“Many people visualize a god who sits comfortably on a distant throne, remote, aloof, uninterested and indifferent to the needs of mortals, until they can badger him into taking action on their behalf. The Bible reveals a God who, long before it even occurs to man to turn to Him, while man is still lost in darkness and sunk in sin, rises from His throne, lays aside his glory, and stoops to seek until He finds him.” John Stott, Basic Christianity
That’s what Christmas is to me; the graciousness of a God who stoops. The God who puts aside his own glory and meets us where we are at. He takes the first step towards us. And the next. And the next. Like a long set of stairs, before we take our first step toward God we see God coming to us. Descending. Until he is so close all we have to do is open our arms to embrace him. Stephen Verney wrote, “This is the nature of the encounter, not that I am stumbling towards the Abba Father, but that the Abba Father is running towards me.”
In the Christian life, it’s important we understand the spiritual life does not originate with us. The Biblical narrative is the story of the God who pursues us and draws into relationship with himself. Think of all the characters of the Bible. Abraham, Moses, David, Paul. Think of their story. It’s the story of God coming to them and initiating his redemptive purposes. Again and again.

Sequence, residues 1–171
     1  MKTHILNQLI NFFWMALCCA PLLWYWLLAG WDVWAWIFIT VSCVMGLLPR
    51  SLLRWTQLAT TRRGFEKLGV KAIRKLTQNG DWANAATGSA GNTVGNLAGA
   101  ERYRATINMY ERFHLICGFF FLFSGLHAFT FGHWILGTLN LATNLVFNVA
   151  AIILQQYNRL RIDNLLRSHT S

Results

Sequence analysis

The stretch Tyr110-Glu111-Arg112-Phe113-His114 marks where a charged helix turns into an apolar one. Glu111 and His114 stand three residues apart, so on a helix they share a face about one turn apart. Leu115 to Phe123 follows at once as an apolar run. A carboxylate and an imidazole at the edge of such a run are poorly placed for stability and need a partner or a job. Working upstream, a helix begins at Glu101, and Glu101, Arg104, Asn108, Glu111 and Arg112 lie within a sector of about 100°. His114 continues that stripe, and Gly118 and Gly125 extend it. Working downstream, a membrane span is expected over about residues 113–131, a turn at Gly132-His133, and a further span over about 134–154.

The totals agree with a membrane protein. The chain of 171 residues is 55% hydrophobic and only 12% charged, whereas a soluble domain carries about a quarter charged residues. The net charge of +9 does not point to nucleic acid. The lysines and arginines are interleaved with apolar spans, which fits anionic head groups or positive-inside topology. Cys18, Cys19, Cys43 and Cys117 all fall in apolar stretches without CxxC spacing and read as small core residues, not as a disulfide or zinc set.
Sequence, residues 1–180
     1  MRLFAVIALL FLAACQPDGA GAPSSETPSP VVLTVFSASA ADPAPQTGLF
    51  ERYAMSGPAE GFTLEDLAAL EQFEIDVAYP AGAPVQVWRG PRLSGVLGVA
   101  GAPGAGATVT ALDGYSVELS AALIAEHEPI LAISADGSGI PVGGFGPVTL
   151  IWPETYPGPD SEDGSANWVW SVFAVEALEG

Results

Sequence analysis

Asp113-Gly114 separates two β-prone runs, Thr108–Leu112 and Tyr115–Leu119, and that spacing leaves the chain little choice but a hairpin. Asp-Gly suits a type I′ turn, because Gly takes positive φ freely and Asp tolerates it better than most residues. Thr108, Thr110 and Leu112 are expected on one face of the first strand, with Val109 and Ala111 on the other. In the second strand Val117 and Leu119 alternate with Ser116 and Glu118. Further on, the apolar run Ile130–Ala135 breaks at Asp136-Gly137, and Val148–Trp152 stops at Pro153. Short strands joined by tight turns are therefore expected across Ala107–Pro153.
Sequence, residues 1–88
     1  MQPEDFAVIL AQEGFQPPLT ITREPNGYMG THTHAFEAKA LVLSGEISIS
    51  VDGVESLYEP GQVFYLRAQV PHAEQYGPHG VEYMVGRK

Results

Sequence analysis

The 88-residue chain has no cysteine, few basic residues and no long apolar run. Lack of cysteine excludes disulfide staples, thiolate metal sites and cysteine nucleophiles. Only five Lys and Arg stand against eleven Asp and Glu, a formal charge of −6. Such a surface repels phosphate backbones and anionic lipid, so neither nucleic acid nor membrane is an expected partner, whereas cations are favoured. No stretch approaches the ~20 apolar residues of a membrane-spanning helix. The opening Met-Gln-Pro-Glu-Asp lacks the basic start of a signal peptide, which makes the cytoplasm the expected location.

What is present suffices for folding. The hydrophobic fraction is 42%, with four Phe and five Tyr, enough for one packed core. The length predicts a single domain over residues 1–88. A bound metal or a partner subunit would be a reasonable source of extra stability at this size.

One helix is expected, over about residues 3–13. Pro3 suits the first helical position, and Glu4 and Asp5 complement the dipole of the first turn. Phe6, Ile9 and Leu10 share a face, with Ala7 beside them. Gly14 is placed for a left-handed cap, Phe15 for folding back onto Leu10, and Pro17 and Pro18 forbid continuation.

Eugene Peterson wrote,” The assumption of spirituality is that always God is doing something before I know it. So the task is not to get God to do something I think needs to be done, but to become aware of what God is doing so that I can respond to it and participate and take delight in it.” The goal it seems is that we might respond as Mary did to the revelation of God’s intentions in her life, “May it be as you have said.” Like one who walks in late to a meeting we simply get to accept, enter into and submit to what God already doing in our heart by the Holy Spirit (Romans 8:28-29). This is the ongoing rhythm of God’s initiative and our response that is the constant movement of the spiritual life.
In the Christmas story, we see it yet again. “But when the time arrived that was set by God the Father, God sent his Son, born among us of a woman, born under the conditions of the law so that he might redeem those of us who have been kidnapped by the law” (Gal. 4:4). (Emphasis mine.) God’s intentions of redeeming mankind was initiated in Christ’s coming, demonstrated in the cross, “But God demonstrates his own love for us in this: While we were still sinners, Christ died for us,” (Romans 5:8), and yet is still on-going, “What we’ve learned is this: God does not respond to what we do; we respond to what God does. We’ve finally figured it out. Our lives get in step with God and all others by letting him set the pace, not by proudly or anxiously trying to run the parade. God sets right all who welcome his action and enter into it, both those who follow our religious system and those who have never heard of our religion” (Romans 3:27, 30). (Emphasis mine.)
The incredible thing is this: once we realize it is God’s nature to seek us out and draw us to himself, instead of struggling to “make the Christian life work” we cultivate hearts that are focused and alive to what God is doing to keep us in relationship with him. And there’s a kind of exhilaration because God is doing something….even in a little way, which is cause for great joy.
What is God up to in your life? What do you sense God initiating?
Take some time today to pay attention to what God is doing. How might you respond in a way, like Mary, that embraces what he is doing?